House bill 11-27-2S, HD1 that passed its 3rd and final reading last Thursday, seeks to remove the Environmental Quality Protection Board (EQPB) and move its functions to the Ministry of Agriculture, Fisheries and Environment under the Executive Branch.

The bill passed the House of Delegates with 14 out of 16 voting yes and 2 delegates, Delegate Swenny Ongidobel of Ngeremlengui State and Delegate Timothy Sinsak of Ngerchelong State opposing its passage.

According to the proposed bill findings, EQPB’s current earthmoving permit process is an “impediment to the responsible economic development of Palau.”  It added, “the permit process, in particular, has become cumbersome, arbitrary, opaque and unreasonably time-consuming.”

The bill also divides the permitting process into “two categories”, one of which will allow a State government to create its own environmental permitting process for residential activities.  This, House of Delegates says, will streamline the permitting process. 

The current law, Title 24 Palau National Code, that created EQPB as a semi-autonomous agency of the Executive Branch of the government made it responsible for “protection and proper conservation of the quality of the environment and its resources so that sound and sustainable economic and social development proceeds in a manner that will not jeopardize Palau’s future possibilities or opportunities.”

To implement this mandate, EQPB enforce nine (9) following regulations,

1) Earthmoving, (2) Marine and Fresh Water Quality, (3) Toilet and Wastewater Disposal Facilities, (4) Solid Waste Management, (5) Pesticides, (6) Public Water Supply Systems, (7) Environmental Impact Statements, (8) Air Pollution Control, and (9) Ozone Depleting Substances.  Out of the 9 regulations, all have been updated within the last year with the remaining 3 pending final approval of the President.  The regulations undergo the APA process which provides the public and national leadership 30 days to review, comment, and make recommendations on the proposed regulations.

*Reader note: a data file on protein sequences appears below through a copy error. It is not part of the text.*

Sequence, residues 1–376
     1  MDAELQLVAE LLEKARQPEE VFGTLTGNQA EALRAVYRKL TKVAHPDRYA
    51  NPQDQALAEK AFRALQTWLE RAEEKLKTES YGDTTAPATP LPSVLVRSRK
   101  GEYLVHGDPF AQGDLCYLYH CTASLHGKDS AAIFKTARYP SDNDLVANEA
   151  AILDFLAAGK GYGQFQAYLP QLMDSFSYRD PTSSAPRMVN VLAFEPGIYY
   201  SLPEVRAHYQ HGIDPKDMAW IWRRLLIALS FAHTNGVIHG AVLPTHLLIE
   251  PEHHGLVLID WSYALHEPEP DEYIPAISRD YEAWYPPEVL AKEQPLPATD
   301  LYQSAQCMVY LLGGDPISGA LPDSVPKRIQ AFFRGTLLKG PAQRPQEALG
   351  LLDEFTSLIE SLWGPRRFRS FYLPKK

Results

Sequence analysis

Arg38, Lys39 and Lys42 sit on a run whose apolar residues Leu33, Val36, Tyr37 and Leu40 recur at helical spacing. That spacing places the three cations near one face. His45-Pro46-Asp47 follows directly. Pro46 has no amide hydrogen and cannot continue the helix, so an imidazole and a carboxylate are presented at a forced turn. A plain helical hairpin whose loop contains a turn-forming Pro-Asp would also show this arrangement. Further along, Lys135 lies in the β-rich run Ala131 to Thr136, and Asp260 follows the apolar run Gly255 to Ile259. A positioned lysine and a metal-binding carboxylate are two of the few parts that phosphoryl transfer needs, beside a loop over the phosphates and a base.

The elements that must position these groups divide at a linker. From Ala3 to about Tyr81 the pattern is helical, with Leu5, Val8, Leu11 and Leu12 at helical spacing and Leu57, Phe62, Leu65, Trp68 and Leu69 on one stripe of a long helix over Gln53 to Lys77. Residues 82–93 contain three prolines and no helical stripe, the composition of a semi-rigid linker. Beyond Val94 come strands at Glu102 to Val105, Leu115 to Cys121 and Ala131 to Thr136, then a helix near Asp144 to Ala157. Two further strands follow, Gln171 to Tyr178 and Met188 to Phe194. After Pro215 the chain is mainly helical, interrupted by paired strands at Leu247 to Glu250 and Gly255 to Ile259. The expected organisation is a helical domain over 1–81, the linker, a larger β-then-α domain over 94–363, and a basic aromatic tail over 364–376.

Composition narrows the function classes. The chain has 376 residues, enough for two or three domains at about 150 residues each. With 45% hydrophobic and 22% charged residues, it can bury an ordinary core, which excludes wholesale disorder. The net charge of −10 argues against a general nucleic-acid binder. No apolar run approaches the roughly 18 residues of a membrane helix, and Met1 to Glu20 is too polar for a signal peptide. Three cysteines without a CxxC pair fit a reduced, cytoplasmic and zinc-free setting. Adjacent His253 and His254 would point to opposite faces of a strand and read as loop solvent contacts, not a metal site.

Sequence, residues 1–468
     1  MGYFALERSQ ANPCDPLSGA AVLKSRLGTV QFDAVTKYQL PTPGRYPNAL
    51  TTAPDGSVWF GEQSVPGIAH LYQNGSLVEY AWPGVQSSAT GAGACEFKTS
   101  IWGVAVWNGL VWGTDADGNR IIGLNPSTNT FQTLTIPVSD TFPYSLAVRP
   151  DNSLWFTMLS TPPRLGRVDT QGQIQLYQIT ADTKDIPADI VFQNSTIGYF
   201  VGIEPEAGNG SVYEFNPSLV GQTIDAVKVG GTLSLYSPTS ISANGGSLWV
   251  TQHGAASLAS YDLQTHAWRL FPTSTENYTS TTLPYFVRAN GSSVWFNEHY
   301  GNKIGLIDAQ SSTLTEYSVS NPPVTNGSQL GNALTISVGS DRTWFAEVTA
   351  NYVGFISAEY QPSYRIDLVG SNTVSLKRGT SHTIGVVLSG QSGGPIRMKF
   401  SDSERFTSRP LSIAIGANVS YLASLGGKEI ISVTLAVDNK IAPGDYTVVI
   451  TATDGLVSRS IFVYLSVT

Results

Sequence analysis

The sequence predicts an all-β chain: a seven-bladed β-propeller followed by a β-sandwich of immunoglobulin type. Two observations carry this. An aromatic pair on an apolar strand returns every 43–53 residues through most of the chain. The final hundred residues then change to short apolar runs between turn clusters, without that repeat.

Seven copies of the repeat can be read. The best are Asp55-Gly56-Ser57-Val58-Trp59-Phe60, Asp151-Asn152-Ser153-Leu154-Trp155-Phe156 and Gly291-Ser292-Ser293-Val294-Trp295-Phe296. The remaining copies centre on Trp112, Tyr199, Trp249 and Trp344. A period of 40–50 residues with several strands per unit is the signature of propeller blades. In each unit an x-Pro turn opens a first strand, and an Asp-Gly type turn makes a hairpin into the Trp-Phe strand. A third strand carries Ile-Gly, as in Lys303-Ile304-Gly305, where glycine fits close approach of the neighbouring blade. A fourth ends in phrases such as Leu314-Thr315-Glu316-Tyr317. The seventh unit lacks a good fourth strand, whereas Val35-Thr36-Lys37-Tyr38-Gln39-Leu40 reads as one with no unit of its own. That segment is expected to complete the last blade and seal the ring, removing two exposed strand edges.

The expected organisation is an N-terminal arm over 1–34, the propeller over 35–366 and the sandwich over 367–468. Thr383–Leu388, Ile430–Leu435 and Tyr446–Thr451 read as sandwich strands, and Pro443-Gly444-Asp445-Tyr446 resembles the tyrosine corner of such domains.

Some felt that the regulations are too strict and that it deters development in Palau.

EQPB has been in the crosshairs of the House of Delegates when earlier this year it sought to cut about a third of its budget.  Speaker Sabino Anastacio unapologetically said that EQPB was a hindrance to economic development. 

EQPB has attempted to reduce the delay in issuance of permits cutting the number of days to 2 weeks but some projects, particularly larger developments such as hotels and resorts, have taken longer due to stringent environmental requirements such as Environmental Impact Statements.    I

EQPB served for decades as Palau’s only environmental protection agency, in charge of ensuring a healthy environment, land, water, and air for Palau’s generations to come.

The proposed bill will be transmitted to Senate for its review and deliberation. 

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